Does Guardianship Override Parental Rights?

If you are dealing with a situation involving adoption or custody of a child, you might have questions about whether guardianship overrides parental rights, and under what circumstances you retain certain legal rights. Many people involved in divorce, custody battles, or other matters dealing with parental rights ask, “Does temporary guardianship override parental rights?”

A Look at Guardian’s and Parental Rights

So, does guardianship override parental rights? First, let’s look at what guardianship is, and how it relates to a natural parent’s rights to get a better understanding of how it works. 

Guardianship

Guardianship refers to a court-appointed status granting power to supervise, oversee, and act on behalf of another person. At the court’s discretion, guardianship can authorize legal control for the upbringing of a child to be transferred to a non-parent, or to another adult with whom a child already has a relationship, like a grandparent. Guardianship also applies to adults. Courts can appoint one adult to be in charge of the physical or financial care and well-being of another adult who is mentally or physically incapacitated. Guardianship can come in one of two forms:

Guardianship over a person

This form of guardianship involves someone who is legally responsible for the medical needs, education, housing, finances, and the general well-being of an individual.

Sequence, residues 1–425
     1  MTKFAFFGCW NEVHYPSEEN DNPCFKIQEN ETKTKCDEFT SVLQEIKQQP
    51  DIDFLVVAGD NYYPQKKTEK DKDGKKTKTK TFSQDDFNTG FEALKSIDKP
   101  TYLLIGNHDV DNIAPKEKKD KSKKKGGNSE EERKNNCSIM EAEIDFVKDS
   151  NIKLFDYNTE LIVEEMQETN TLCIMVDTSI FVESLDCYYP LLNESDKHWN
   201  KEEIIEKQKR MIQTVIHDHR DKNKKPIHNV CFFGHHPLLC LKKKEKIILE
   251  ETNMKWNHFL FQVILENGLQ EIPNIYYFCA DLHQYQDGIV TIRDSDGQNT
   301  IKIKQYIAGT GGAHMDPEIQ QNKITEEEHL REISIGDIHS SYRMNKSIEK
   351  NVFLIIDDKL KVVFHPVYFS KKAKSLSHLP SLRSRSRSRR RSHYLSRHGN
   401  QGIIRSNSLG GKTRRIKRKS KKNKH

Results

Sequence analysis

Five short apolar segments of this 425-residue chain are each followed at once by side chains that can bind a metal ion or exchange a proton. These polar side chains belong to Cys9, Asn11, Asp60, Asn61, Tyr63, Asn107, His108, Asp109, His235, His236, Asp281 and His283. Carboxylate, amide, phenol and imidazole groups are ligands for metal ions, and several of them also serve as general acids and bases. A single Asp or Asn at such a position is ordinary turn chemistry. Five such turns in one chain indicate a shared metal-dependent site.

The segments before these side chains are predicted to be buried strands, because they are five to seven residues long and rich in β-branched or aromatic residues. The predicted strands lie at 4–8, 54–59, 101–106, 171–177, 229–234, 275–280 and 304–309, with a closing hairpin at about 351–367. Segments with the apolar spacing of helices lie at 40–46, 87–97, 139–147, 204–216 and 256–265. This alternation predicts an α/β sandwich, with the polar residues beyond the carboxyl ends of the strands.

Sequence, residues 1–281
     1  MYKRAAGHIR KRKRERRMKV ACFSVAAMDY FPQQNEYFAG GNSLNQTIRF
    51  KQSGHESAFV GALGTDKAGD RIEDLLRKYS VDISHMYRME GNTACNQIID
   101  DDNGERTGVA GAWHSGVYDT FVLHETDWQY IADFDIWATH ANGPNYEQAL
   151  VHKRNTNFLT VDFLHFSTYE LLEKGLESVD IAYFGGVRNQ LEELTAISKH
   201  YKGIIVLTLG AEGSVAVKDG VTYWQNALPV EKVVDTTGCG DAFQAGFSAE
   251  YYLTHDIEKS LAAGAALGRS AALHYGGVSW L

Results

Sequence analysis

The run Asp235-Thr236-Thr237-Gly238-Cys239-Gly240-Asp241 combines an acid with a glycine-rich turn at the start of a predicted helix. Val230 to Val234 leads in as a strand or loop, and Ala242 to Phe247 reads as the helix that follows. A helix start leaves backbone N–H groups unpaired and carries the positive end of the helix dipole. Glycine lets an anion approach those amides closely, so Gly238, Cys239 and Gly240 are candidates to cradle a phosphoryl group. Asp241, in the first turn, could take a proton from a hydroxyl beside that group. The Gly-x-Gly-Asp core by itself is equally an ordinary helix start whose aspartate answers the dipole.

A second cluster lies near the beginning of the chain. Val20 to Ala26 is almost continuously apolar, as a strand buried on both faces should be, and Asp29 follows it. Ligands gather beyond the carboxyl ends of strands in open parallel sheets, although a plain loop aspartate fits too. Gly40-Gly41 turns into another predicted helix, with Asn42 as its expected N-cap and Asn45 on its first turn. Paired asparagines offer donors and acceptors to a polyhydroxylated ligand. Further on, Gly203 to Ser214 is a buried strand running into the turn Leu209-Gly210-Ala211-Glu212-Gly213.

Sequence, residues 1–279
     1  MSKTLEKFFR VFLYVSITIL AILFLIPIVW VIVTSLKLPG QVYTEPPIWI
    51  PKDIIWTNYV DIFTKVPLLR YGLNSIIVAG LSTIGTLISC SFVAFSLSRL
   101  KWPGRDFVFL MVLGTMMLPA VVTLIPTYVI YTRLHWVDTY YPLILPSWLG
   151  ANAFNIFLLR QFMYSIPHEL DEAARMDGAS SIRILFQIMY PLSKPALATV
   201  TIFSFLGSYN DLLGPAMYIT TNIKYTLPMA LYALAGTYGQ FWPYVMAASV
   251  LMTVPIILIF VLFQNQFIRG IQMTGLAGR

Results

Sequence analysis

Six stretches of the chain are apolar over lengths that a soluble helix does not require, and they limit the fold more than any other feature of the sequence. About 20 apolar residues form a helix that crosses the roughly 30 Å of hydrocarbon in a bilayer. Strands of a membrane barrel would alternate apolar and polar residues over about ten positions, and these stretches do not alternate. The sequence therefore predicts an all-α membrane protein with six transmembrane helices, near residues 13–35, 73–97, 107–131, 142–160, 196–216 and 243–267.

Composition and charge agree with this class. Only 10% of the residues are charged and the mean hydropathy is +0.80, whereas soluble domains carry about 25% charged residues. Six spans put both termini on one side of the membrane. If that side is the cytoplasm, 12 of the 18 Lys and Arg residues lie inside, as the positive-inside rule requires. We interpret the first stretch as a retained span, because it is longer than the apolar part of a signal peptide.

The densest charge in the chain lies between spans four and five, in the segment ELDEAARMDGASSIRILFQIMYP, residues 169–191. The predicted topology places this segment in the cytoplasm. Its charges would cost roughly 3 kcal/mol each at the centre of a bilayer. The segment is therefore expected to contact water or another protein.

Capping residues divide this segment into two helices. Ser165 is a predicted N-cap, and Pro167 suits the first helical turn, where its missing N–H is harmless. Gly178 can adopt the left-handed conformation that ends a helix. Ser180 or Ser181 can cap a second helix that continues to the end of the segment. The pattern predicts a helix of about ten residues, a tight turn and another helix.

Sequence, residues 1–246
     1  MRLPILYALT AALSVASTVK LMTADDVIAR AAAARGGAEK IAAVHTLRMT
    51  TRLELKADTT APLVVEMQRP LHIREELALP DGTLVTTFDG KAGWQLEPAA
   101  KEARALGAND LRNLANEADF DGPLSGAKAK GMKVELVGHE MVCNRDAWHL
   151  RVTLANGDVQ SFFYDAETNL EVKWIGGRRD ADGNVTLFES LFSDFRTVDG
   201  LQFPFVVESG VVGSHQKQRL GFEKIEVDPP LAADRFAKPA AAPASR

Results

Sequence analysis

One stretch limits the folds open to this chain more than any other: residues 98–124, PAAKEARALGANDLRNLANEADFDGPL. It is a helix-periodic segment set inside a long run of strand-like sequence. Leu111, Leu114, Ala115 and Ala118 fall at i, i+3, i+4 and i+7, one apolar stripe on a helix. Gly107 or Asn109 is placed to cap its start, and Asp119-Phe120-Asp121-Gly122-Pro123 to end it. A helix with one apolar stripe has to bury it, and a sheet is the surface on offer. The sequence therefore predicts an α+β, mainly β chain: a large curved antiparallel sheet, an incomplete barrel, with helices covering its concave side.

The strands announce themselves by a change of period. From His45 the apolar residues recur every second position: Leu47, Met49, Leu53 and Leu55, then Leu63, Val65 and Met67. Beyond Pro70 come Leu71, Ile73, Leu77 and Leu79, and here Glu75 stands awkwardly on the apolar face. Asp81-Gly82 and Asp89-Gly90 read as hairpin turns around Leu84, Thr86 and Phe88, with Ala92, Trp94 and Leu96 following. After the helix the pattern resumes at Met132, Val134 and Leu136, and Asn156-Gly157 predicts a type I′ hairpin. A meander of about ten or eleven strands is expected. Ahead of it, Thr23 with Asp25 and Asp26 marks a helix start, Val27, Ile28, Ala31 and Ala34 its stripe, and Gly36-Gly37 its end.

Guardianship over an estate

This form of guardianship is one in which someone is legally responsible for a person’s property, assets, or estate.

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There are many circumstances under which a guardian might be appointed. The court can appoint a guardian:

  • During the adoption process, when biological parents’ parental rights are being terminated a guardianship is given to the adoptive parents-to-be;
  • During a divorce, if the biological parents are guilty of neglect;
  • If a biological or custodial parent is found guilty of neglect and imprisonment;
  • When one or both parents are facing imprisonment; and
  • When incapacitated adults with physical or mental disabilities are unable to assume the care of someone else as part of a stipulation in a will or trust,  an alternative or “successor” guardian will be appointed.

Parental rights

Parental rights are a fundamental part of the natural relationship between a child and their parent, along with the duties and responsibilities of a parent to their child. Parents have the legal right to physical custody of their children, to protect them, control their behavior, decide where they live, provide them with food and shelter, and make decisions about their education, and religious training.